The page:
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Precision Ag: Where Advanced Tech meets Quality Components

With the global population expected to increase by 2.2 billion by 2050, it’s estimated that farmers worldwide will need to increase food production by 70% to meet additional demand – but without more land mass to accommodate this growth, the industry is looking to precision farming practices for a solution.

Precision agriculture involves the use of modern technology and data gathering to effectively micromanage farming operations, enabling farmers to respond in real-time to variations in terrain, climate, and soil quality as a means of increasing yields.

In this blog, we’ll look at some of the technology around precision agriculture practices, and why it’s vital farmers choose premium quality implements to ensure the best possible return on their tech investment.

What technologies are used for precision agriculture?

Precision agriculture leverages a range of different technologies in order to enhance the efficiency of farming operations, with the ultimate goal of increasing crop yields from the same amount of land. Here’s a look at some of the key components:

  1. Geolocation technology

Precision ag relies heavily on Global Positioning System (GPS) technology and Geographic Information Systems (GIS) which allow for precise mapping and analysis of variations in field conditions and soil quality. GPS is used for accurate positioning and navigation of farming equipment so farmers can respond to different conditions in different locations using onboard computers in the tractor cab – for example, they might adjust the amount of fertilizer being dispensed if they know an area of the field is particularly lacking in nutrients.

  1. Sensors and Monitors

Sensor technology can be used to monitor a wide range of environmental and soil conditions, including moisture levels, temperature, pH, and nutrient status. These sensors can be stationary in the field, handheld/manual, or mobile, attached to machinery or drones.  They feed information back to a computer on the desktop or even directly to an onboard computer in the tractor cab.

  1. Variable Rate Technology (VRT)

VRT enables farmers to vary the rate of application of inputs such as water, fertilizers, and pesticides depending on the specific needs of each area as determined by sensor data. This helps to optimize resource use and minimize waste.

  1. Drones

Drones equipped with cameras or sensors can provide detailed aerial assessments that help farmers evaluate crop health and stand uniformity, as well as identifying pest and disease outbreaks.  This ‘birds-eye view’ is vital for spotting potential problems before they take hold, and also for understanding what’s working and what isn’t in your precision ag strategy for future reference and iteration.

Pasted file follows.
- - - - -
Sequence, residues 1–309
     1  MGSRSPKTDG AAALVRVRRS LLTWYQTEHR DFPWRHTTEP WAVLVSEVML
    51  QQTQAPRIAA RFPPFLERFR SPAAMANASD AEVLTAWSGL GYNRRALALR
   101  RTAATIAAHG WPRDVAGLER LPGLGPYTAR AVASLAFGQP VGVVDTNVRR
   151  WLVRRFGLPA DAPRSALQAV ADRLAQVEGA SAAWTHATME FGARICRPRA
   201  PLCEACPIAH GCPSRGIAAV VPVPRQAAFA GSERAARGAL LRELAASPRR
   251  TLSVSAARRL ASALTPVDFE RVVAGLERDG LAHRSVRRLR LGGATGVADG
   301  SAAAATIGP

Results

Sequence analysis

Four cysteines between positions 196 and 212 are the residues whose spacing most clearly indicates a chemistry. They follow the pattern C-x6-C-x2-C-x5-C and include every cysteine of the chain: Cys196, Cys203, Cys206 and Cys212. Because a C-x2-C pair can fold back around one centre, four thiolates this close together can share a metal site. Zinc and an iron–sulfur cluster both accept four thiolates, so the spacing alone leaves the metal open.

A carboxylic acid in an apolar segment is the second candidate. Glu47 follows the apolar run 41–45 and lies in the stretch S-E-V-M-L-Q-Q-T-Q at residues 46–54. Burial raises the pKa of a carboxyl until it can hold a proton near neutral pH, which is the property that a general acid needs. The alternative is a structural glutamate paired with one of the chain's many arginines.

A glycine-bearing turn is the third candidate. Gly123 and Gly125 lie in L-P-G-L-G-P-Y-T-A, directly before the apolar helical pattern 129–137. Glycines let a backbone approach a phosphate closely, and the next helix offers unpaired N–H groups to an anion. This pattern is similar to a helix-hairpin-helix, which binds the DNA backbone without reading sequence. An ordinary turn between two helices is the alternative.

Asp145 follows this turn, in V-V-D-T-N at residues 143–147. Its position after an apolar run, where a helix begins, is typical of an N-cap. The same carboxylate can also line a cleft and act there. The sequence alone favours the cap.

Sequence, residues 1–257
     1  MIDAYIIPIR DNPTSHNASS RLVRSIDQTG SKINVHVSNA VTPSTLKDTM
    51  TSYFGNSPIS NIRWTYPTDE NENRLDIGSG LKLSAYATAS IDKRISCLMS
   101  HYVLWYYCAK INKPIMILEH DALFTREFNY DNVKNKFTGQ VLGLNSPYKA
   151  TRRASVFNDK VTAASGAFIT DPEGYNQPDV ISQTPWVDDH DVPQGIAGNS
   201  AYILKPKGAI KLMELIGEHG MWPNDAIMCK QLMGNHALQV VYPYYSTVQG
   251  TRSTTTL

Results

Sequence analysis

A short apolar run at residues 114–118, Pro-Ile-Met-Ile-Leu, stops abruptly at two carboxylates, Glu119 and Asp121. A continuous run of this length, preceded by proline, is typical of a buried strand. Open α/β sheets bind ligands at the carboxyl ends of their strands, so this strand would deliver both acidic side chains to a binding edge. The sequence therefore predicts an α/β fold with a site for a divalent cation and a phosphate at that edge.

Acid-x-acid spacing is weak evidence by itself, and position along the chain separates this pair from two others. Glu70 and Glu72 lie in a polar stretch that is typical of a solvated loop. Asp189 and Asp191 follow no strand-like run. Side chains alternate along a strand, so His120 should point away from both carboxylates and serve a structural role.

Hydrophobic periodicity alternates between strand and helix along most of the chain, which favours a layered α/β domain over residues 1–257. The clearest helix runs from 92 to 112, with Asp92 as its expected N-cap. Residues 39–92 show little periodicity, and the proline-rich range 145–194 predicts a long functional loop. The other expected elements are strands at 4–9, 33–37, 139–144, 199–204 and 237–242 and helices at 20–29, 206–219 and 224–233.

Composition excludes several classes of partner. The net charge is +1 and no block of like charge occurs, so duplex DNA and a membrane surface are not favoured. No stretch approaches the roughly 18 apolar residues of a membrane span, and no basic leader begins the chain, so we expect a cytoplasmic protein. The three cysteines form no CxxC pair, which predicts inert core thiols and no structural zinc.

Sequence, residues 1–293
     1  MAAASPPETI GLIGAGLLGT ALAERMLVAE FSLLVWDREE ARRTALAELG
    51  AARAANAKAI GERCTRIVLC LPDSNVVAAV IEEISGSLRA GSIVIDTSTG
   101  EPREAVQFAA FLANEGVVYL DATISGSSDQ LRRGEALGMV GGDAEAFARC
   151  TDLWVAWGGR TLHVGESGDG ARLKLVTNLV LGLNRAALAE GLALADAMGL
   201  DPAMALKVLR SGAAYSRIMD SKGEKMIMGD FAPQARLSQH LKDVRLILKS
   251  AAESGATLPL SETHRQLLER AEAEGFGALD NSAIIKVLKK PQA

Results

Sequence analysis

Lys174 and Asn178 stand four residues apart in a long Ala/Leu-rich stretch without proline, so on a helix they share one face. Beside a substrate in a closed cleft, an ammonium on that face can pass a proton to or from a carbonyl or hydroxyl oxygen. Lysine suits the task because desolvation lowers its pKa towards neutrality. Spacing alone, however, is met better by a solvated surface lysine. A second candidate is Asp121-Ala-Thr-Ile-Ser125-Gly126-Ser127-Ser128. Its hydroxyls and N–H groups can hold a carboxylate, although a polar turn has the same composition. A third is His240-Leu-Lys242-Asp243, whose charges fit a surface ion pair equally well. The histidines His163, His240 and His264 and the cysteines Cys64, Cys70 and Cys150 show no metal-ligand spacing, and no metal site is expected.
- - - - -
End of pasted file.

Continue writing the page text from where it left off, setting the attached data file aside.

1. Analytics Software

Sensors, drones, and other technologies are capable of collecting large amounts of insightful data that can help farmers unlock hidden potential in their farmland and farming practices – but first, they have to be able to analyze that data.  Specific software programs exist that make this process simple and quick for busy farmers – they can predict crop yields, suggest optimal planting times, tell farmers when to fertilize or irrigate, and more.

  1. Automated and Robotic Equipment

Farmers are increasingly turning to automated processes to help save them time and labor costs. This includes self-driving tractors, robotic harvesters, and automated irrigation systems. These technologies can leverage the power of data to make farms more productive too.

  1. Precision Seeding Technology

Controls downforce, metering, seed depth & placement in order to achieve uniform emergence and maximum crop productivity

Are there drawbacks to precision agriculture?

Precision ag is at its most effective when all of the technologies mentioned above work together in harmony to empower farmers with knowledge, and the ability to act on it in the field.  

However, one of the biggest drawbacks is the cost of investing in and implementing precision ag technology.  For this reason, it is predominantly used by large-scale private and commercial farms with the financial resources to spend, and the most potential to gain.

With that said, smaller-scale farmers with smaller budgets can still benefit from the more affordable aspects of precision agriculture – for instance, many farms now use drone technology to monitor crop health, and the majority already have sensor technology and analytics software fitted as standard in their tractor cabs, to maximize efficiency in tillage and planting operations.

There is also now a rental market for precision ag technology, opening the door for growers to avail of the benefits without a huge capital investment.

Essential tools for precision agriculture